Jordan Hodge knew he was going to have his work cut out for him.
In taking over as the starting quarterback at Socastee, the senior was asked to replace one of the most successful athletes to ever come through the school. Hunter Renfrow broke records and led the Braves to consecutive 12-1 seasons – the two best finishes in Socastee history.
Hodge and Renfrow look different, and they have unique approaches to the position. But so far, Hodge’s style has come with similar results.
Despite a move back to Class AAAA and the departures of Renfrow and several other standouts, Socastee has an opportunity to move to 4-0 on Friday when it heads on the road to face longtime rival Myrtle Beach.
“We’re a group of kids who know how to win,” Hodge said. “More than knowing how to win, we hate to lose. We’ve been slow with the changes. We’re still trying to learn them. But we know what we know. And we’re getting what we’re learning. We still know how to win.”
The Braves have done that, defeating West Brunswick, Southeast Raleigh and Conway to open the year. However, beating the 2-0 Seahawks – the defending Class AAA state champs – would be the team’s biggest non-region win of the year.
Gone are the days when Socastee was considered another tune-up game for Myrtle Beach. Hodge is a firm believer in that it all doesn’t fall on his shoulders; he doesn’t play defense or special teams, and he’s not blocking. However, unlike his teammates, none of them had to step into Renfrow’s shoes.
For Hodge, that has meant increased visibility for one of the smallest starting quarterbacks in the state. Of the 52 South Carolina Class AAAA schools, only Clover and Irmo start quarterbacks measuring in below Hodge’s 5-foot-9, 160-pound frame. (Northwestern is also experimenting with 5-foot-8 Dupree Hart, who was flirting with national receiving records heading into this year.)
Hodge, who said he “got serious” about the weight room after wrestling season, has actually gained nearly 30 pounds in about six months. Last Winter, he finished third in the state in the 132-pound weight class.
The gains were as much to help with his durability on the football field as anything else. They have by no means eliminated the disparity, and his lack of size still shows. During Tuesday’s practice, for instance, he felt the brunt of 6-foot, 220-pound fullback Angelo Sauter while installing a new play. Sauter and Hodge got their signals mixed, and there wasn’t much debate who was still standing.
“I’ve been the smallest my whole life,” said Hodge, who weighed north of 11 pounds at birth before getting lapped by most of his football brethren. “I finally grew some a little this year and it still doesn’t look like I grew at all. I know how to play being the smallest. I know what it takes. I’m used to it.”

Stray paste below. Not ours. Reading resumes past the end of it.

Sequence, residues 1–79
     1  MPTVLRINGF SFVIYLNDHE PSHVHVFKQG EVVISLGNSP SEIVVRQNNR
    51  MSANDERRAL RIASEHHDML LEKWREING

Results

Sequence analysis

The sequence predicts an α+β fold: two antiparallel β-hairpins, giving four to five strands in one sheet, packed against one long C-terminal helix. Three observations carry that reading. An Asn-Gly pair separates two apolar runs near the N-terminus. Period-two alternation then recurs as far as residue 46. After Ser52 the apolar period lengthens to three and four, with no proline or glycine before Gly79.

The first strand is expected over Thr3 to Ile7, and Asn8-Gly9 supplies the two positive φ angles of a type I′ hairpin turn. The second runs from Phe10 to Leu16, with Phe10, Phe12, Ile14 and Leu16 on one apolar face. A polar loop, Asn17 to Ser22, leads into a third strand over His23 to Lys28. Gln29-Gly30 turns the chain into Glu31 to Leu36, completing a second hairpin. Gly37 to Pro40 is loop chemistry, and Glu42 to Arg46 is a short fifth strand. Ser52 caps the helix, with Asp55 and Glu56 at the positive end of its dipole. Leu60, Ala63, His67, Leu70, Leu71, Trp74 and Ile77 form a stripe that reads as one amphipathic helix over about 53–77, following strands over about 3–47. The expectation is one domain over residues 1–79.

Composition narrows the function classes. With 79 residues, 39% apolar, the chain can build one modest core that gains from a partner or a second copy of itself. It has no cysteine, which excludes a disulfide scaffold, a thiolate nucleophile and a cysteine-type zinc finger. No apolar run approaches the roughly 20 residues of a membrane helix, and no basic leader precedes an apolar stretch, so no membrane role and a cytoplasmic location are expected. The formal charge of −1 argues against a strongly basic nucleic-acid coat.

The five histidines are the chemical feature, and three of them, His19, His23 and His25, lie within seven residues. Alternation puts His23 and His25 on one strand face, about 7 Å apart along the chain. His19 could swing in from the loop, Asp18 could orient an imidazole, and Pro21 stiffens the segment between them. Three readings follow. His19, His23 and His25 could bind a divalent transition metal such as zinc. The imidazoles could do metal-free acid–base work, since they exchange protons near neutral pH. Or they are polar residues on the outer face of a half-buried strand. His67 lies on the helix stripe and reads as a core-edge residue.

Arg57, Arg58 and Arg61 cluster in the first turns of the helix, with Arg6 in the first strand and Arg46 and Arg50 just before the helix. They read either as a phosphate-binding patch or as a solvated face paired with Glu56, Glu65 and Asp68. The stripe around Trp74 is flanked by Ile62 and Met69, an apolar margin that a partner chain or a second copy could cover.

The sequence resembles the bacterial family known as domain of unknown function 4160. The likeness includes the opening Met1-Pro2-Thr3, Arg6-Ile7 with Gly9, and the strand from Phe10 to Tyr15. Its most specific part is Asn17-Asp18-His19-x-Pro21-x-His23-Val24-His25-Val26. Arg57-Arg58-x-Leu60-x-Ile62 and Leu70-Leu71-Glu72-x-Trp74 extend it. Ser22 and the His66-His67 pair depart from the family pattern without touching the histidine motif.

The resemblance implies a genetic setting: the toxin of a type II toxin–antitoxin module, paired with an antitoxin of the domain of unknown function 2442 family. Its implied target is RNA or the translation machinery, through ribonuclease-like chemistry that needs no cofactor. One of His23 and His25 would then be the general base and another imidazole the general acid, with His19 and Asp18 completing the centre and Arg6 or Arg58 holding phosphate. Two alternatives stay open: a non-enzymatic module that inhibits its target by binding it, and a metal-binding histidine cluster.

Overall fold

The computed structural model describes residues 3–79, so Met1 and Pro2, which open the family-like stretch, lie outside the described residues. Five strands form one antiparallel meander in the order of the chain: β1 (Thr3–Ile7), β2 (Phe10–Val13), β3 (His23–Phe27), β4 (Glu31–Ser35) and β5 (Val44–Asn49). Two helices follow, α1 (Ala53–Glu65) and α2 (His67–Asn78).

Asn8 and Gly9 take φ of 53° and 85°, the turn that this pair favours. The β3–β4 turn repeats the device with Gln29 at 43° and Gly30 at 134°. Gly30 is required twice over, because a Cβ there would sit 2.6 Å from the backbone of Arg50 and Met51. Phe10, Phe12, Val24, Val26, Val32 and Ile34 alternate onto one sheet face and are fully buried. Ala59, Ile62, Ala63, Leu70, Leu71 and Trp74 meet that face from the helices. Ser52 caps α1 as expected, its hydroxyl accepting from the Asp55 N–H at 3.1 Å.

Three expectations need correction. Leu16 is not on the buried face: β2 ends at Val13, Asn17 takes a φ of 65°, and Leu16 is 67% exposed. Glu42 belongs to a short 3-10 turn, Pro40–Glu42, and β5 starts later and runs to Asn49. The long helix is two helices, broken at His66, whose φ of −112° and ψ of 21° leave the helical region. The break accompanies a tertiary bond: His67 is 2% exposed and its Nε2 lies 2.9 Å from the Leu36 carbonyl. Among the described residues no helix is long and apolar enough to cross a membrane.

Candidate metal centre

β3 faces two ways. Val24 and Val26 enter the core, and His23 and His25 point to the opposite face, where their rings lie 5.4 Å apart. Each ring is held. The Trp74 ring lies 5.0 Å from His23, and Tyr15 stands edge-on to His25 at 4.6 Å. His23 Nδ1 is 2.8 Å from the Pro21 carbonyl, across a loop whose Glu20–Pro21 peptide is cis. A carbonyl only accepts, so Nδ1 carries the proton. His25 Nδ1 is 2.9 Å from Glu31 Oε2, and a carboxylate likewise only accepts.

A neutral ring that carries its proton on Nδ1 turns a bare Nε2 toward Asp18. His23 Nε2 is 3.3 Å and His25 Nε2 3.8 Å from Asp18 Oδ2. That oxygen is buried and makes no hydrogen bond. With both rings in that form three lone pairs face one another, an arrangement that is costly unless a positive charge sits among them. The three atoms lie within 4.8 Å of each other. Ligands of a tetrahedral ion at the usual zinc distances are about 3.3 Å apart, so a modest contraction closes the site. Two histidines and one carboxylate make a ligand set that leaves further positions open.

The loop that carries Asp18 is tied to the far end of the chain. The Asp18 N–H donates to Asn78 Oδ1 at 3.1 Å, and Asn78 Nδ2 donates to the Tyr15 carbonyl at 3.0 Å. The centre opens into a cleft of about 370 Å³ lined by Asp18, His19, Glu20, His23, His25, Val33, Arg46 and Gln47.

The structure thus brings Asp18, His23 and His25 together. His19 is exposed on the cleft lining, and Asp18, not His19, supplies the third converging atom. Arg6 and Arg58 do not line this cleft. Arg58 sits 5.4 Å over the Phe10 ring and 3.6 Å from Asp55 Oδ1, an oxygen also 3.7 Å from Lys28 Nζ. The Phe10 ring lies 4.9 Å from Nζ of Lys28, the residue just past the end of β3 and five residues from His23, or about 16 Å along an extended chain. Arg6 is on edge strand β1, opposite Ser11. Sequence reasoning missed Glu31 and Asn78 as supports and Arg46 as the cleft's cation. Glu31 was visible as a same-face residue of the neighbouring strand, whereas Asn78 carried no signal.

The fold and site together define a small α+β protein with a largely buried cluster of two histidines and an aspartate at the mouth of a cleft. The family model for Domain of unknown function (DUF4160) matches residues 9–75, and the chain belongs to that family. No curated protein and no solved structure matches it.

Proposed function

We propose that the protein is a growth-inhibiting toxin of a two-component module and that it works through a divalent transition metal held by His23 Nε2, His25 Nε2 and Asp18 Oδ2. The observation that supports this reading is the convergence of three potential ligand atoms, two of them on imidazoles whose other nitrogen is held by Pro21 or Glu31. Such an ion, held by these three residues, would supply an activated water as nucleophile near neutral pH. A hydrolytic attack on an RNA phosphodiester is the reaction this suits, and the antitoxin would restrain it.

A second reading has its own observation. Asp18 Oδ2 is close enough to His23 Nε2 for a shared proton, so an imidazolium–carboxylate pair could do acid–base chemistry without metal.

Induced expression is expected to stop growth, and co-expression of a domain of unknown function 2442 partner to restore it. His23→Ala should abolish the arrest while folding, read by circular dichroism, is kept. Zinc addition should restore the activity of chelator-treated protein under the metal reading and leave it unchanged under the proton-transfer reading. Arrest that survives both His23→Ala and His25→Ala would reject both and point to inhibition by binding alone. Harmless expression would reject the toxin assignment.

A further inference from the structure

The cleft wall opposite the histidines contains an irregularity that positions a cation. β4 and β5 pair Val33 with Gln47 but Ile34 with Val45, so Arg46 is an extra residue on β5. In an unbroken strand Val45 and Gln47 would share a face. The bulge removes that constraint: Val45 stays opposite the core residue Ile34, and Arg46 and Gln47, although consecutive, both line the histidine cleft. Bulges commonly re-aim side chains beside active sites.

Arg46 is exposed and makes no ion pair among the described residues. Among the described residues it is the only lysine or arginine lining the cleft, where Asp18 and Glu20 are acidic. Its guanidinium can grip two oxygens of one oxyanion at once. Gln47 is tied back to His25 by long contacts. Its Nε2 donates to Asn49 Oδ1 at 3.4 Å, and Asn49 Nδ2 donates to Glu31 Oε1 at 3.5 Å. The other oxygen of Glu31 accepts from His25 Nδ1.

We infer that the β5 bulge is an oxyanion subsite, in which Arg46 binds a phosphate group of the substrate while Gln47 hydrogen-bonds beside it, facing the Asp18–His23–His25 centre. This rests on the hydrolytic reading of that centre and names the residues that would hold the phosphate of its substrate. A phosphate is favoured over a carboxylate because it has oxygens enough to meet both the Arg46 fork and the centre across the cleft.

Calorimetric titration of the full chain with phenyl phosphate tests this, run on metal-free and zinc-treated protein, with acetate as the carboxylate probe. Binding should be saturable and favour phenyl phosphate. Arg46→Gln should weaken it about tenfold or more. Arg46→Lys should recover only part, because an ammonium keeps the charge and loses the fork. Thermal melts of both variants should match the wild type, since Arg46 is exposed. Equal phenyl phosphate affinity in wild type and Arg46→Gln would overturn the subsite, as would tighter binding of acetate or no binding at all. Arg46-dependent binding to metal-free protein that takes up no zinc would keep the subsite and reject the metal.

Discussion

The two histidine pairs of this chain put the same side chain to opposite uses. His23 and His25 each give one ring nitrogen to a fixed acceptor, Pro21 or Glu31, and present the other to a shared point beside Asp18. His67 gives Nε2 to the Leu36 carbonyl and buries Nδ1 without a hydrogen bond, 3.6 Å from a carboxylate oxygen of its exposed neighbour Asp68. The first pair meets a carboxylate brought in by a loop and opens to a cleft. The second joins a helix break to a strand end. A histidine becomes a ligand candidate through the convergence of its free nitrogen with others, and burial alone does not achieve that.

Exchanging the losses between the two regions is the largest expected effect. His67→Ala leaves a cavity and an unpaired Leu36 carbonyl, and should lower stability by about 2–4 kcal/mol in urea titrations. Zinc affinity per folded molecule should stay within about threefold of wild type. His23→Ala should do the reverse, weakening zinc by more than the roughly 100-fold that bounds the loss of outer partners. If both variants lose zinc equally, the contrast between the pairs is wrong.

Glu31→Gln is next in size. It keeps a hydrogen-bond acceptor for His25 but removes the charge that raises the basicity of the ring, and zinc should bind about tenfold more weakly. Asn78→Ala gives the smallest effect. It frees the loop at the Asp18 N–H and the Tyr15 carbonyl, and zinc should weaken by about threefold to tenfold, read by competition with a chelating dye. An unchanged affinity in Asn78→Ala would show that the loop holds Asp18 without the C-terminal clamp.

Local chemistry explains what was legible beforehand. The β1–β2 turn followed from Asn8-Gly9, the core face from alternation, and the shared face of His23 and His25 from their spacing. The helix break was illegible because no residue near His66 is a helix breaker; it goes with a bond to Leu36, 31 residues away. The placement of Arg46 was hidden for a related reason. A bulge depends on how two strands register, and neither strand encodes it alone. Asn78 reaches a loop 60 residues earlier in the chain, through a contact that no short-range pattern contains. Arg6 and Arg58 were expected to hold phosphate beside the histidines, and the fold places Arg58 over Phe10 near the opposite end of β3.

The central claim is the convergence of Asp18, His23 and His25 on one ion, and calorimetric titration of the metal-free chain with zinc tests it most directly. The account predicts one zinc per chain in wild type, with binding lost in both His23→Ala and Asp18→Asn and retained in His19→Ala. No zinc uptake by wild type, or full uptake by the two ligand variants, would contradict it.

Hodge took his share of big hits during the fourth quarters of games last year after some of the Braves’ leads got out of hand. So he’s not stranger to running the offense.
In fact, like Hunter and Jordan Renfrow before him, it’s sort of in his blood.
Coordinator Steve Hodge, Jordan’s father, got to the school two years before Jordan was born. He helped shift the program to the triple option briefly under former head coaches Steve Duggan and Burney Bourne before it really started to take shape under Tim Renfrow.
He remembers youth camps when the three aforementioned quarterbacks were under the age of 8. After each day’s sessions, scrimmages would break out, and the three players and others already understood that passing was secondary at Socastee.
“They’re setting up to run the option, and it was touch football,” Steve Hodge said. “… We all sat back and were thinking ‘They’re running the option.’”
Under second-year coach Doug Illing, the system has evolved again.
Illing, who ran mostly spread offenses in North Carolina, has combined the two schemes, with the quarterback often backing off center and taking snaps in a shotgun. Much like early last season, when Hunter Renfrow was still learning to execute the hybrid approach, the Braves have had some early troubles with turnovers. Socastee has four fumbles to go along with four Hodge interceptions.
Illing said the early snags change nothing.
“I’m not scared of him at all throwing the football,” Illing said. “He’s going to make good decisions. He’s going to throw the ball where we need him to throw it. He just needs to do it more in games.”
Getting more passing yards under his belt is another way he can distinguish himself from his predecessor.
He may not provide the shot of adrenaline Renfrow did during his two-plus seasons as the starter. That doesn’t mean he isn’t effective.
Hodge had his best game to date last week when he ran for 110 yards and threw for another 89 against Conway. He’s currently seventh in the area in passing and eighth in rushing.
Numbers like those come via a different style than the freelance-happy Renfrow.
“He reads it better than Hunter,” Steve Hodge said. “The difference is when Hunter decided to disconnect and go, he would go. … Hunter’s a better [athlete]. There’s no question in my mind. Jordan has done a pretty good job of knowing his limitations.”
Following his lead, the coaching staff has gone back to a 3.5-yard per rush mentality when it is in triple-option mode. The Braves are grinding out short-yardage plays and time off the clock.
A little less productive when it comes to scoring? Sure.
But the approach is working so far for not only Socastee, but also its new starting quarterback.
“I’ve tried to put in the work so it’s not all jumbled up on me and weighed me down,” Hodge said. “I’ve done my part to make sure that doesn’t happen.”